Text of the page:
The first thing he says when he gets up in the morning is, “I revived you.” As if he is talking to someone pulled from a lake minutes before. But what he means is: He has revised me. Top to bottom. Beginning to end. Past to present. Turned me inside and out so many times I barely resemble my former self.
His is not a Freudian slip but a problem with diction. Is he still drunk from the night before, or has he already poured his first cold vodka and orange juice, sipping it on the way to the bathroom for the first big event of the day? By the time he reaches the writing table, his glass is so wet with condensation that droplets fall on my pages. I no longer care about the shape he is in.
He says, “My life has always been too large for me.” This, on the phone to a friend. His posture and the look on his face make it appear that it is a recent revelation, one he has never uttered before.
I used to be taken with him, when I first heard him say such things, when I first heard him turn a phrase so well. It was like watching a skilled carpenter craft a beautiful piece of furniture, making perfect use of the whorls and knots in the wood from which it was made. Now when I look at him, all I can think of is the phrase, “All is dross.”
For fifteen years, he has worked on his trilogy, which is really one novel, which is really a series of stories, which is really a monologue. It is now 1,800 pages long and he no longer knows the point. He spends his days turning the volume of daytime soap operas up—and down—depending on his need for concentration. He has rearranged the chapters. He has renamed the characters. He has pushed the important buttons, “delete” and “insert.” His table of contents page is a work of art so well crafted that it could be published on its own. In the evenings he reads it aloud to friends and students who drop by.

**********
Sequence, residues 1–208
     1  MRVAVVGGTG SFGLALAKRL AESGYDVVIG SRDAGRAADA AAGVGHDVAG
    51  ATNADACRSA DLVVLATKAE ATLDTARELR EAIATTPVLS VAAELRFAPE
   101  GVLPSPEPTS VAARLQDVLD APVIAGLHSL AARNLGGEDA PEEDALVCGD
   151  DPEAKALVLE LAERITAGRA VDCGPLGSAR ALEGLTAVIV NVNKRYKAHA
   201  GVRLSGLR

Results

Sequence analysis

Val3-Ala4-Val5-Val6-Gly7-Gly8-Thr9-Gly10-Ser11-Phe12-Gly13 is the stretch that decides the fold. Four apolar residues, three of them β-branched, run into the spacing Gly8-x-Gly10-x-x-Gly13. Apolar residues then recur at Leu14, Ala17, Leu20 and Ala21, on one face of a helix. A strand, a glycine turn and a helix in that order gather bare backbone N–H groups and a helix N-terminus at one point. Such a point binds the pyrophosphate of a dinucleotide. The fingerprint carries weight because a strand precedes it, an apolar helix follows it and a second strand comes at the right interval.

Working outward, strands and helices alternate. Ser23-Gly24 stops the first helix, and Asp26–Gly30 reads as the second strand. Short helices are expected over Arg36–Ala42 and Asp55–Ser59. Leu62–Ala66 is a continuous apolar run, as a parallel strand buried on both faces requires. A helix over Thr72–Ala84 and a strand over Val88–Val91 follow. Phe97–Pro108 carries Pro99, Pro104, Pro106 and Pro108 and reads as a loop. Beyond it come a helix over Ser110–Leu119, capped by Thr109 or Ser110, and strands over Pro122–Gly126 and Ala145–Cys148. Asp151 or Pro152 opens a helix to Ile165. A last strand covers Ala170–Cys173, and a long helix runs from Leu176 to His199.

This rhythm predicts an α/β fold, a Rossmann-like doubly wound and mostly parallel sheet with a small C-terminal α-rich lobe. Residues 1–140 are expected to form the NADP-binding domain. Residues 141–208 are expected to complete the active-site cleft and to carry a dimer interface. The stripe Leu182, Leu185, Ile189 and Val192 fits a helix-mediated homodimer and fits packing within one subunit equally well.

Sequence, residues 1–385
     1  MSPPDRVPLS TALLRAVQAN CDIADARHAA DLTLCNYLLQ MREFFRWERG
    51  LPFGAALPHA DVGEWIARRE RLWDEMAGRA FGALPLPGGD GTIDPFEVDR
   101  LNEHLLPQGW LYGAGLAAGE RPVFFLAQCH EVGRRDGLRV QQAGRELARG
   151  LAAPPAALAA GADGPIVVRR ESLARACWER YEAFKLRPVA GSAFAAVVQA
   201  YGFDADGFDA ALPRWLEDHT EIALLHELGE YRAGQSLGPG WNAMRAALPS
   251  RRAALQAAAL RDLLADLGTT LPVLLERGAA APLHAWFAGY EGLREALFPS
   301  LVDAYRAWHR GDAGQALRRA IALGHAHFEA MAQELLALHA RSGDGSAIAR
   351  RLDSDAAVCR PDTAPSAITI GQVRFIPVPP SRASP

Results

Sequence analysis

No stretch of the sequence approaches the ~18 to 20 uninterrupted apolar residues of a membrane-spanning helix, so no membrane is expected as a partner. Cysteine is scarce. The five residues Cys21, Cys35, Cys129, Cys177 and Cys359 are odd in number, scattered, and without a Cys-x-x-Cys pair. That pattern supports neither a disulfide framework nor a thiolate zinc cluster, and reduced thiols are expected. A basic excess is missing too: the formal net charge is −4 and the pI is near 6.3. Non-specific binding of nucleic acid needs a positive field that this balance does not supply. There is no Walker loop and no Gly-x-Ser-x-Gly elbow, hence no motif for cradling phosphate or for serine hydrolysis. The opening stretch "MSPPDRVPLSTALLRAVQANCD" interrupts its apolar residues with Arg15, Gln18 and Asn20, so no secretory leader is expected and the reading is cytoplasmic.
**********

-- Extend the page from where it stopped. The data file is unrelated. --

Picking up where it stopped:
One of these visitors, a former student, offers to take him to an AA meeting, even though she has never been to one herself. When she rings his doorbell the next time—and the next—he slips into the shadows of his writing room and pretends not to hear. She will not be invited to any more parties.
What to do with him? What to do? I have thought and thought about this until I have practically erased myself. And there, now that I’ve said it, having uttered a metaphor of my own, I have come up with the solution: Deletion. Deletion of all 1,800 pages, which I know for certain never have been backed up because, of course, he is an artist, his is an artistic form, and one cannot expect an artist to be practical.
His sleeve will brush against the keyboard as he reaches for his drink. Or the glass will drip one drop too many. It will be his own fault. It has to be. In order for him to be saved.
It could kill him, but he is already killing himself slowly. Through the drink and the dread.
I imagine the scenes after it happens: the gasp, the comings and goings of various technicians, the frantic phone calls to friends.
Delete. Insert. Nothingness. Too large a life. For him. And for me.
Au revoir, dear reader. Au revoir.
And the beginning. Of a new story. Of his life. I am, after all, giving him permission to put everything—his work—and his life—into the holy fire.
Cathy Mellett’s short stories have appeared in The Yale Review, The Literary Review, Confrontation, Greensboro Review, Terrain: The Built and Natural Environments, and other journals online and in print. She is working on a memoir. More information can be found at www.cathymellett.com.